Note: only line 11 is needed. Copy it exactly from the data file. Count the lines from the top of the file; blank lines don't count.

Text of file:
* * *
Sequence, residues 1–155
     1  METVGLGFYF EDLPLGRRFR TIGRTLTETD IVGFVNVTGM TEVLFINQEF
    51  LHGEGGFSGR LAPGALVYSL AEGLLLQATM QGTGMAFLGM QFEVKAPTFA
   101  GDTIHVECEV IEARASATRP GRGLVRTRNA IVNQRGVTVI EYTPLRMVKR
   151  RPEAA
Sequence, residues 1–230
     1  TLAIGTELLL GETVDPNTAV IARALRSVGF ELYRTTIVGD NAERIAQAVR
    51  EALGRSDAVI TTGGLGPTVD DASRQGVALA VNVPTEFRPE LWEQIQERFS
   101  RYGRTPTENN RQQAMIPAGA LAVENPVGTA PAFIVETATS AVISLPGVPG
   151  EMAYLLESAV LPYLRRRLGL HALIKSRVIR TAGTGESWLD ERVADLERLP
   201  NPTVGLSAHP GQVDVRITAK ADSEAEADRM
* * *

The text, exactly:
   201  NPTVGLSAHP GQVDVRITAK ADSEAEADRM